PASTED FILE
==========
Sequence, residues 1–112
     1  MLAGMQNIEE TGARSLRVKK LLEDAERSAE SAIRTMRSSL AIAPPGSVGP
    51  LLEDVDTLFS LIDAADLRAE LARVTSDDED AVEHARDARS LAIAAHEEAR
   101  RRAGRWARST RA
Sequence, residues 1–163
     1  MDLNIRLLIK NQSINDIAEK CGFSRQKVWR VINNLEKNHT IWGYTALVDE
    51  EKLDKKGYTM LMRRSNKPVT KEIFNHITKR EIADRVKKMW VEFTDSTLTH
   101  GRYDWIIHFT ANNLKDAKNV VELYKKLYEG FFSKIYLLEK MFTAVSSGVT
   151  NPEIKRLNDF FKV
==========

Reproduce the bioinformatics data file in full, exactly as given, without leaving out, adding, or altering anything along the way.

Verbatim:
Sequence, residues 1–112
     1  MLAGMQNIEE TGARSLRVKK LLEDAERSAE SAIRTMRSSL AIAPPGSVGP
    51  LLEDVDTLFS LIDAADLRAE LARVTSDDED AVEHARDARS LAIAAHEEAR
   101  RRAGRWARST RA
Sequence, residues 1–163
     1  MDLNIRLLIK NQSINDIAEK CGFSRQKVWR VINNLEKNHT IWGYTALVDE
    51  EKLDKKGYTM LMRRSNKPVT KEIFNHITKR EIADRVKKMW VEFTDSTLTH
   101  GRYDWIIHFT ANNLKDAKNV VELYKKLYEG FFSKIYLLEK MFTAVSSGVT
   151  NPEIKRLNDF FKV